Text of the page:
Children's Health and Wellness

Sports Safety—Identifying High-Risk Situations

Sports can be played in an organized setting, at school, in the street, or even in the backyard. A child can benefit from participating in sports both emotionally and physically. However, proper precautions need to be taken when children take part in a sport. This is because their bodies are still growing and their coordination may not be fully developed. Precautions can range from wearing proper safety gear to appropriate adult supervision and enforcement of game rules. To make sure that your child is participating safely in sports, be aware of the following high-risk situations:

  • Faulty or ill-fitting safety gear and equipment

  • Inappropriate skill, weight, and/or physical and psychological maturity level for the sport

  • Lack of adult supervision

  • Lack of enough water or other fluids

  • Unsafe playing environment

  • Lack of enforced sports rules

A special note about sports-related stress

The pressure to win when participating in sports, a poor relationship with a coach, or frustration about never getting to play in games can affect a child negatively. Signs that your child may be suffering from stress related to a sport may include the following:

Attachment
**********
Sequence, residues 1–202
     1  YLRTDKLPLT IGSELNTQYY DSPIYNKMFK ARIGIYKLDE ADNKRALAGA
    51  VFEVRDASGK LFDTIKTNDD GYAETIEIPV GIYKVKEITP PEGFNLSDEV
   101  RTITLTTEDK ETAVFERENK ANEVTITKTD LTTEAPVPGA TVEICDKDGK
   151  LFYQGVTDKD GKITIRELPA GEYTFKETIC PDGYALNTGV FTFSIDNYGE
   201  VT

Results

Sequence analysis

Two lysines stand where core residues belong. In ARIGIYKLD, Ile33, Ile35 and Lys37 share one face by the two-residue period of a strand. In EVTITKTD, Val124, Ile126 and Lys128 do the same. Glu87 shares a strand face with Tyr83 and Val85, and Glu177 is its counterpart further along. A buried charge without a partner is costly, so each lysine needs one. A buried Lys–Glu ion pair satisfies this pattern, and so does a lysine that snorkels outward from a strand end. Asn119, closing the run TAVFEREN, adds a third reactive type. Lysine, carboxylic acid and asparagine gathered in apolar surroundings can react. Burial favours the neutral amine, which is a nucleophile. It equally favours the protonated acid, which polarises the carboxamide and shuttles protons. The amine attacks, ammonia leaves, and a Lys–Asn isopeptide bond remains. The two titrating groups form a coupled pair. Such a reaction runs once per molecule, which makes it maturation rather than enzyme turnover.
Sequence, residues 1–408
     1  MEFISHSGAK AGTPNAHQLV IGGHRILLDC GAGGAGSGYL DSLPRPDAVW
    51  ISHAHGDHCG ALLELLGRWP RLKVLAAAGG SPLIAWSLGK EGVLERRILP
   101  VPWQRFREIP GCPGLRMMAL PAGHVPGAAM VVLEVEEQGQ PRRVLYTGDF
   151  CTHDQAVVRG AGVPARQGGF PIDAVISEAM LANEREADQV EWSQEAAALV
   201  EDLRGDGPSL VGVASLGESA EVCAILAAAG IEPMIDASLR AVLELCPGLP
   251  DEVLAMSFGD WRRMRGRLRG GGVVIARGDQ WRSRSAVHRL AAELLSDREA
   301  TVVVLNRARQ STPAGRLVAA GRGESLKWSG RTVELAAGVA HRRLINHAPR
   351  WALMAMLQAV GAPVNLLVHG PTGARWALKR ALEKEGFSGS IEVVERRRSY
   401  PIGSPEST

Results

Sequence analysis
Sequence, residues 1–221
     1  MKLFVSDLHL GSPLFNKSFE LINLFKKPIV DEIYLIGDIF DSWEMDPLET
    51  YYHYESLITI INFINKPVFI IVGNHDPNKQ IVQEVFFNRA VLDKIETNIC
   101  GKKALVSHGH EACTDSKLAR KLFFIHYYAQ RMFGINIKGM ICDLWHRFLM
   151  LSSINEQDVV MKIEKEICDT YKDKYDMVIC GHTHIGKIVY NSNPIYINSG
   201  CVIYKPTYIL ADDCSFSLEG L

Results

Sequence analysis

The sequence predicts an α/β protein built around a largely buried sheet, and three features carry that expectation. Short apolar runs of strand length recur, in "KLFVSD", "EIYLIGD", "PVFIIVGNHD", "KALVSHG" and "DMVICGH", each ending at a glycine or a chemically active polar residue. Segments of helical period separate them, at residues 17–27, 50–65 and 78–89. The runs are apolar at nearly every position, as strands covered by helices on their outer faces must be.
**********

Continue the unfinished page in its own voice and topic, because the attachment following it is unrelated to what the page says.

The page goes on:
• Loss of appetite

  • Vomiting

  • Headaches

  • Depression

  • Sleeping more than usual

  • Low energy and drowsiness

  • Withdrawn from friends, family, and/or activities

Deciding whether to take a child out of a sport should be based on what the child says and what the parent observes. Quitting may or may not benefit your child. On the other hand, "sticking it out" may also be harmful to your child. Winning should not be placed above learning and playing the sports. To avoid sports-related stress, the American Academy of Pediatrics recommends the following:

  • Make sure your child is in the appropriate age and skill group for that sport.

  • The rules and playing ground should be changed to make the sports fair for all who play (such as lowering the basketball goal or shortening the distance of a race).

Online Source: Prevention Is The Best Medicine: Sports Safety Guidelines, American Academy of Pediatricshttps://www.healthychildren.org/English/health-issues/injuries-emergencies/sports-injuries/Pages/Prevention-Is-The-Best-Medicine-Sports-Safety-Guidelines.aspx
Online Source: Helping Children Handle Stress, American Academy of Pediatricshttps://www.healthychildren.org/English/healthy-living/emotional-wellness/Pages/Helping-Children-Handle-Stress.aspx
Online Editor: Geller, Arlene
Online Medical Reviewer: Adler, Liora C., MD
Online Medical Reviewer: Dozier, Tennille, RN, BSN, RDMS
Date Last Reviewed: 12/21/2015
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